I've watched weddings change and evolve markedly over the last few years. Consider, for example, the relatively new (and 1st world problem) of coordinating unplugged weddings (ie. a ban on the social media upload of guests photos).
One of the trends that I have noticed and think is super cool, is the concept of giving back in the planning stages, the execution (there's got to be a better way to phrase that) and/or clean-up of a wedding. And the best part is that you don't need to be a paid-up member of Greenpeace, chain yourself to a heritage listed building or march in the streets to make a difference.
Here are some of the great new ways you can share the love of your special day with those less fortunate.
Register for charitable gifts
With a growing number of couples getting married well after they have already set up a home together, wedding gifts such as toasters, blenders and cutlery sets are just not cutting it (see what I did there) these days.
Online wedding registries have evolved and can fund anything and everything from your honeymoon travel to your home renovation plans. I think the most innovative, however, are the relatively new breed of wedding registry that directs money, that would have otherwise been spent on a wedding present, to a pre-nominated cause or charity of your choice.
It’s the ultimate feel-good present. It’s a win for your guests (because it’s online, easy, tax deductible and makes them feel good), a win for the charity (because, umm, they get a donation), a win for the environment (no ill-thought-through gifts that end up as landfill) and a win for you and your fiancé (for sooo many reasons, but also, what an awesome way to start your life together; by giving back).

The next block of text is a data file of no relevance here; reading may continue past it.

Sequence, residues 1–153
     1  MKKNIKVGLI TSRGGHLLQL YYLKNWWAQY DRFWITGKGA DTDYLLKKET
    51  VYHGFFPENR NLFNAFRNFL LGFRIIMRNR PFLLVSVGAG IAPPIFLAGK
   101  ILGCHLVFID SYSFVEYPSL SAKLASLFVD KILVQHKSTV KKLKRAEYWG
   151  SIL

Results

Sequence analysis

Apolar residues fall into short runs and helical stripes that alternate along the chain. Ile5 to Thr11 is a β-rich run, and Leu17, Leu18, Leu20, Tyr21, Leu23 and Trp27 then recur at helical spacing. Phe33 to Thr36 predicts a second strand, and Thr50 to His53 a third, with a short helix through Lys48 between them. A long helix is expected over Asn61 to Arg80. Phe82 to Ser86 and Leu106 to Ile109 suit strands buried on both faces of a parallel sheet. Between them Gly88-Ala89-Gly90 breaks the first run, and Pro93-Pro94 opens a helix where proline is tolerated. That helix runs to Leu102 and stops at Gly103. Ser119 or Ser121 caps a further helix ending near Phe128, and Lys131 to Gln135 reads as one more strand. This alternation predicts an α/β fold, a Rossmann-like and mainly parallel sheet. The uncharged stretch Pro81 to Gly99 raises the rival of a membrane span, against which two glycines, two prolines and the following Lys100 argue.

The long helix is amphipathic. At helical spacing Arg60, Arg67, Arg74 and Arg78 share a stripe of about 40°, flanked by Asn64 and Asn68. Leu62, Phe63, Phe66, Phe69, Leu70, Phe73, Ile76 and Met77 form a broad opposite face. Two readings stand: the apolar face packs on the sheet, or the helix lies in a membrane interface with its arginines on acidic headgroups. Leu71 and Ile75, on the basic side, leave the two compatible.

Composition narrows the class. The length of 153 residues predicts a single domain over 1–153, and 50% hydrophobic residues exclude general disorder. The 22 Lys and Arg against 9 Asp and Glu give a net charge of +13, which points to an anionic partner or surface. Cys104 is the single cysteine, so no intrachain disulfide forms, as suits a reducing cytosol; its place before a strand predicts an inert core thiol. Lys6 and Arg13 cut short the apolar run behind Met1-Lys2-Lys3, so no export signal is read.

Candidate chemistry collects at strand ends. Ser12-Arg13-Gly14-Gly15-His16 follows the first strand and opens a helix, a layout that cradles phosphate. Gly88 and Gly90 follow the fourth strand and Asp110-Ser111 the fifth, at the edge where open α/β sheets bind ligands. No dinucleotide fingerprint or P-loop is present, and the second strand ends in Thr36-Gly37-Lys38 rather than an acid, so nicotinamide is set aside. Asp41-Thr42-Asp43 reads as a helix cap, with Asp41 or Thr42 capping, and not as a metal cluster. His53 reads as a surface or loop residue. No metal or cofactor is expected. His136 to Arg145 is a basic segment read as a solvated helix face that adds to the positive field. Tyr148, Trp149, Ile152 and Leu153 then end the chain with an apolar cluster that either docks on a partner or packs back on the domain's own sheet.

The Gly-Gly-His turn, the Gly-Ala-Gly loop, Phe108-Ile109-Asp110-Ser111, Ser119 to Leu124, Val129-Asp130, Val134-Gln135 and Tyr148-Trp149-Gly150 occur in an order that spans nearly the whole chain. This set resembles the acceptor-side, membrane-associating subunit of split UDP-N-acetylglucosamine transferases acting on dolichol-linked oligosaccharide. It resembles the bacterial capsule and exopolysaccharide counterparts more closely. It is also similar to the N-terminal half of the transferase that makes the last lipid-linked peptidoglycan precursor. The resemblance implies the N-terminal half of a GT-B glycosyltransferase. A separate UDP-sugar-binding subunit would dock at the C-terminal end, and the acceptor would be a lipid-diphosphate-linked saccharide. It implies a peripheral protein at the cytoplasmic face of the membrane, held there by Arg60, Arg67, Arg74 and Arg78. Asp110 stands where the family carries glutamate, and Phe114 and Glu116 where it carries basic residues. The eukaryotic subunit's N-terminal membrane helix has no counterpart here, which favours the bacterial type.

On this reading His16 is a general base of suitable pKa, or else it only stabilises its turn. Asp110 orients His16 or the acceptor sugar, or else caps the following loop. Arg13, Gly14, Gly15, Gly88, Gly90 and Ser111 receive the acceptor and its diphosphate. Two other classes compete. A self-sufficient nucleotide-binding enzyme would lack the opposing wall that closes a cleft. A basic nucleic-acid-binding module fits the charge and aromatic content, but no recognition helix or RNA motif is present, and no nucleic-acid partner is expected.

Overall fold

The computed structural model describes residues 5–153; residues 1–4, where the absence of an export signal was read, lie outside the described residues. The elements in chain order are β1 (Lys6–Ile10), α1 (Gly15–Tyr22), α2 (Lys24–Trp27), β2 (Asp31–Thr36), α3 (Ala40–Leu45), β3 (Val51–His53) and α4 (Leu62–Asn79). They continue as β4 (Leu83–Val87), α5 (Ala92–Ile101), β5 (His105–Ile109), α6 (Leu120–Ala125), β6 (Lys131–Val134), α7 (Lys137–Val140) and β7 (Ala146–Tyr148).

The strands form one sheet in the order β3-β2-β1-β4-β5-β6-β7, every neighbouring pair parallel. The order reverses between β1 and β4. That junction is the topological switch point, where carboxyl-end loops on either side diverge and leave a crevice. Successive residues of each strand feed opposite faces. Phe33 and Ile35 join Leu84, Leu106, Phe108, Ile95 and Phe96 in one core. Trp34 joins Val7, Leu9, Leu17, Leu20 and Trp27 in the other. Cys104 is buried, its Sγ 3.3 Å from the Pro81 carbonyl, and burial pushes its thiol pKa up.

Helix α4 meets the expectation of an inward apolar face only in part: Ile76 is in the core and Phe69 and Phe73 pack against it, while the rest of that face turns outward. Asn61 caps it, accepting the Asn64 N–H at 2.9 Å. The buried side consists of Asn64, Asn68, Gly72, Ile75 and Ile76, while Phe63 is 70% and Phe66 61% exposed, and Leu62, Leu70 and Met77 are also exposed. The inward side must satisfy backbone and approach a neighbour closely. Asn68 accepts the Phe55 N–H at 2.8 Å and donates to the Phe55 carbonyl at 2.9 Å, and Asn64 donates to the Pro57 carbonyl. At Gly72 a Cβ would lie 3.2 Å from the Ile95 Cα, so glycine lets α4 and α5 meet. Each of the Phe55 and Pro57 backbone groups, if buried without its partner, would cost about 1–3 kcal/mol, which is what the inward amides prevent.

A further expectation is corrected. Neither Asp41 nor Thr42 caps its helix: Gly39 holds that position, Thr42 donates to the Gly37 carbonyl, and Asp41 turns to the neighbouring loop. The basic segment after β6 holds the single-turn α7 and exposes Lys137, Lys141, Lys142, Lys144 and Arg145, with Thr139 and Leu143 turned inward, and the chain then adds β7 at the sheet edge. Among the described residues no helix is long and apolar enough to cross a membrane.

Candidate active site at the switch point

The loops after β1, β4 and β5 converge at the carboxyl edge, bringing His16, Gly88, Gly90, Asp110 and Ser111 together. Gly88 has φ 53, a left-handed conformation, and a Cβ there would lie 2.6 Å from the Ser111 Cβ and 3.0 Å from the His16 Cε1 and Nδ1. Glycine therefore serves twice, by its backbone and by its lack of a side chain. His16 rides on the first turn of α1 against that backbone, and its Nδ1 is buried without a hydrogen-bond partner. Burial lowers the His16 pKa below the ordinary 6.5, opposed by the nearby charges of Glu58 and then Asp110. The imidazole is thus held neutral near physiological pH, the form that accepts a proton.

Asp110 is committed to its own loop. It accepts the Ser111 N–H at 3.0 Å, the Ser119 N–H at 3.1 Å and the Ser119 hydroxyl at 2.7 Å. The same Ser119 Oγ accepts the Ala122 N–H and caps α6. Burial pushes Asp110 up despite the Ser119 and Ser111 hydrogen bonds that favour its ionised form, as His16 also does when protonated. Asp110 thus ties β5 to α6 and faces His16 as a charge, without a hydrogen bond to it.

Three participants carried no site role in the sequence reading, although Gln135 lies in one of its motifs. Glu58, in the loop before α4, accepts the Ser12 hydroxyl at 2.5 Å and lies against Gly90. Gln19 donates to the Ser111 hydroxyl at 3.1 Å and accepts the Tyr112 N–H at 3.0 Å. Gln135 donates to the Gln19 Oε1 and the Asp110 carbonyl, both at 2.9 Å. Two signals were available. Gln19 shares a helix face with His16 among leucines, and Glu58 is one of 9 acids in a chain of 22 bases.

Some of my favourites are Karma Currency (which encompasses LOTS of different causes and charities including Asylum Seeker Resource Centre, Amnesty International, Australian Red Cross, Cancer Council Australia, National Breast Cancer Foundation, RSPCA Australia, Starlight Children’s Foundation,UNICEF Australia and many more!), Oxfam Unwrapped, World Vision and World Wildlife Fund.
Donate your flowers
Call your local nursing home or hospital and ask if you can donate your bouquets or centrepiece reception blooms after the big day and nominate a reliable friend or family member to get them from A to B.
Shop with those who care
Check out Good Shop’s list of retailers (including airlines, jewelers and department stores) who donate a percentage of your purchase to
a good cause. There are also these companies who donate goods and/or a percentage of profits to needy people when you purchase from them. In Australia, there are initiatives like Yoobi, Thank you and NBCF.
Don’t waste your leftovers
Do something unwedding-y with your fiancé
Give back on your honeymoon
There are lots of opportunities to help people, the environment or animals while you're on your honeymoon too. You could teach English as a foreign language,volunteer on a conservation holiday, or help children.
Donate your dress
Because you’ll never wear it again, right? After the big day, you can hand it (and your veil or tiara) over to Brides Across America to a military bride in need. Or donate your dress to Angel Gowns Australia who will use the material to make garments for stillborn babies. Angels Above Baby Gowns in Michigan and Angel Gowns by Michelle are all over the United States as well. St Vincent de Paul Society and Salvation Army in Australia also accept wedding gown donations.
Ask your bridesmaids if they would consider donating their dresses too
Organisations exist simply to distribute dresses to disadvantaged high school girls for their prom; the Glass Slipper Project in Chicago and The Princess Project are some great examples. Other similar groups are listed on Donation Town and in Australia, Give Now is a great resource.
If you know of any other great ways to give back or an organisation that needs a shout out, please let us know in the comments.